The emergence and perpetuation of a destructive culture in an elite sport in the United Kingdom



Feddersen NB, Morris R, Littlewood MA & Richardson DJ (2020) The emergence and perpetuation of a destructive culture in an elite sport in the United Kingdom. Sport in Society, 23 (6), pp. 1004-1022.

Recent inquiries into elite sports in the United Kingdom have unearthed examples of destructive cultures. Yet, earlier research left destructive cultures overlooked. The purpose of this article is to: (1) outline the process of how a destructive organizational culture emerges and perpetuates in one Olympic sport in the United Kingdom, and (2) the features that regulate the process. We combined Action Research and Grounded Theory in a 16-month longitudinal study. The primary data collection strategies were ethnography and 10 focus groups, with athletes, coaches, parents and the national governing body (NGB). Twenty-six individual interviews with stakeholders supplemented these. A destructive culture emerged during radical changes, and antagonism in the power relations between the NGB and stakeholders characterised this process. Denial of responsibility and social weighting neutralised the stigma of perpetuating antagonism. In conclusion, sports organizations should be vigilant of how ignoring and denying antagonism could lead to a destructive culture.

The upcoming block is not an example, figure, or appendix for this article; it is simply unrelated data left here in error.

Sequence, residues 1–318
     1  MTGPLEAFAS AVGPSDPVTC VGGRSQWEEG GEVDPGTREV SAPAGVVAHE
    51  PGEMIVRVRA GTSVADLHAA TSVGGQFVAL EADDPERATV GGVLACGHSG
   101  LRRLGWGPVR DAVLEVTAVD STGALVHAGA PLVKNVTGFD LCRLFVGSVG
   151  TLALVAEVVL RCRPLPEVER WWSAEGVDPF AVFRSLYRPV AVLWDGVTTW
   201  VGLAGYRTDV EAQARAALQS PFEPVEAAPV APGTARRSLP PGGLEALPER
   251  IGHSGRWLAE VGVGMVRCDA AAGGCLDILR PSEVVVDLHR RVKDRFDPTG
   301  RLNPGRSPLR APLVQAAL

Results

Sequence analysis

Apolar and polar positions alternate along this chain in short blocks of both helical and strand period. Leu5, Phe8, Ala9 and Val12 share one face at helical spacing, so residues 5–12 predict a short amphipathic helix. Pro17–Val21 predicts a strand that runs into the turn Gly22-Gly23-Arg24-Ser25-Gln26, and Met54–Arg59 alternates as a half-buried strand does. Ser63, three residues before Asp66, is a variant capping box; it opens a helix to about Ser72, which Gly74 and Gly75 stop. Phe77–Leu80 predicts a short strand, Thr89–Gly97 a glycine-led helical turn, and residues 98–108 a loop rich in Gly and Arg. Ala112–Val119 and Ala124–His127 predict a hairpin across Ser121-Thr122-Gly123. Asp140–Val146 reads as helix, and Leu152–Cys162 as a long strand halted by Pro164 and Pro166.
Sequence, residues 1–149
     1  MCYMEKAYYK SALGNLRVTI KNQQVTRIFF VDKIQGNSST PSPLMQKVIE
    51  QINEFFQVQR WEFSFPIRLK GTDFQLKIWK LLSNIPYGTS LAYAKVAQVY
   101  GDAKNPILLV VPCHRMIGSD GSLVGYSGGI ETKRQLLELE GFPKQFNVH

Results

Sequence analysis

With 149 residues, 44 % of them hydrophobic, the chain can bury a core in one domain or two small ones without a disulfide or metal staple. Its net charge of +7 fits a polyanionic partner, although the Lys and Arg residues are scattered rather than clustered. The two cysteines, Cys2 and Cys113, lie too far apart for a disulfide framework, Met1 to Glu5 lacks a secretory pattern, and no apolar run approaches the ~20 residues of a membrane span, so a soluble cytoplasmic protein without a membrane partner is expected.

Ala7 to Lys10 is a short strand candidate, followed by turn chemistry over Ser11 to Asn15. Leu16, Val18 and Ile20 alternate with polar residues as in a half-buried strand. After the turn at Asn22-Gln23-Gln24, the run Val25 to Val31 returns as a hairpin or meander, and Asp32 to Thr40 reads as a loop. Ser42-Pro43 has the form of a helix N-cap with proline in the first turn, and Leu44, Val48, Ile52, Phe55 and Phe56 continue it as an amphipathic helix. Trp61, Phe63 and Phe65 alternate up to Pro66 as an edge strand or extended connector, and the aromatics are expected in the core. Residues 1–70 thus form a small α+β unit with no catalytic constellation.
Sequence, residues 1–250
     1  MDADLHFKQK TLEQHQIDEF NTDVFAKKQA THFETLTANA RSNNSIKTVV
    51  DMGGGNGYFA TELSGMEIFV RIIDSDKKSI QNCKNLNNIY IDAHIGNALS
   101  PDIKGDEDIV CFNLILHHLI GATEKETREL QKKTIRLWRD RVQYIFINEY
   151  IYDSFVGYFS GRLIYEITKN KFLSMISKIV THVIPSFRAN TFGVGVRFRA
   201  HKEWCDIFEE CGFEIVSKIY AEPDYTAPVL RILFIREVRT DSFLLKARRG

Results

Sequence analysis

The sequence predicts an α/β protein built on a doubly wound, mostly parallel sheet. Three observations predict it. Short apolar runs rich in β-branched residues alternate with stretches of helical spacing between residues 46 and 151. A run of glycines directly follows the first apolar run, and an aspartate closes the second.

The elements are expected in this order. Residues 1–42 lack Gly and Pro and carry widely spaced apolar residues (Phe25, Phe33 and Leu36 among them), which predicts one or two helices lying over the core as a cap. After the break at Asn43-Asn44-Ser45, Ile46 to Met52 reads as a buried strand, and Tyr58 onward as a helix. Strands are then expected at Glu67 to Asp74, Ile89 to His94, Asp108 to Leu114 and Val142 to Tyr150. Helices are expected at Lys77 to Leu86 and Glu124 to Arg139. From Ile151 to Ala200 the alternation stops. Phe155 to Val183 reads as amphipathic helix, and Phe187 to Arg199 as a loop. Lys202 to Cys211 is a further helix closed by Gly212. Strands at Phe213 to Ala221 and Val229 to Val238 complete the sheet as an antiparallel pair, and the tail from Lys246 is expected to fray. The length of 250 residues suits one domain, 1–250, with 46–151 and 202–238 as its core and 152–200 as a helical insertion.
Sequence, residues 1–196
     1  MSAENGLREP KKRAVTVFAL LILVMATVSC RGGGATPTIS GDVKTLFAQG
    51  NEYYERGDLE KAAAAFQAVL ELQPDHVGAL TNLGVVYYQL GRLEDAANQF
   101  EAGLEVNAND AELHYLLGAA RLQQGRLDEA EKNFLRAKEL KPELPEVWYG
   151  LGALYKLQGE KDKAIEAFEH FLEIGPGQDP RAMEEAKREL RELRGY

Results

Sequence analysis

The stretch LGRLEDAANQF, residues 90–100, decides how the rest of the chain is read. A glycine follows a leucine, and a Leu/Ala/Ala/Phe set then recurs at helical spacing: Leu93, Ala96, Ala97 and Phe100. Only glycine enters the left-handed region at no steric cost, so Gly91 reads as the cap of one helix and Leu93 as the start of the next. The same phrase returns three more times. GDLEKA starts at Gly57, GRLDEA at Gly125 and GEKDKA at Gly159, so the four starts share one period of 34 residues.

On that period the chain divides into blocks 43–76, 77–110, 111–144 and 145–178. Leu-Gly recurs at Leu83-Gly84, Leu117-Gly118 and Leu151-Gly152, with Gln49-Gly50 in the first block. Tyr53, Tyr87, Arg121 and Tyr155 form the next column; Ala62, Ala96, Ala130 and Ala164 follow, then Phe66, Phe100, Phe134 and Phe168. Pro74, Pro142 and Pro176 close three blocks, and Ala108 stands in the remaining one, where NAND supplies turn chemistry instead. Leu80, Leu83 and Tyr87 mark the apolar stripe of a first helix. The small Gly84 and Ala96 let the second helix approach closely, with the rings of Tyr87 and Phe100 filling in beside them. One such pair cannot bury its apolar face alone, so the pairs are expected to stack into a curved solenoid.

Culture; destructive conflict; elite sports; organizational psychology; sports management

Sport in Society: Volume 23, Issue 6

Publication date31/12/2020
Publication date online29/10/2019
Date accepted by journal16/09/2019
PublisherInforma UK Limited

People (1)


Dr Robert Morris

Dr Robert Morris

Associate Professor, Sport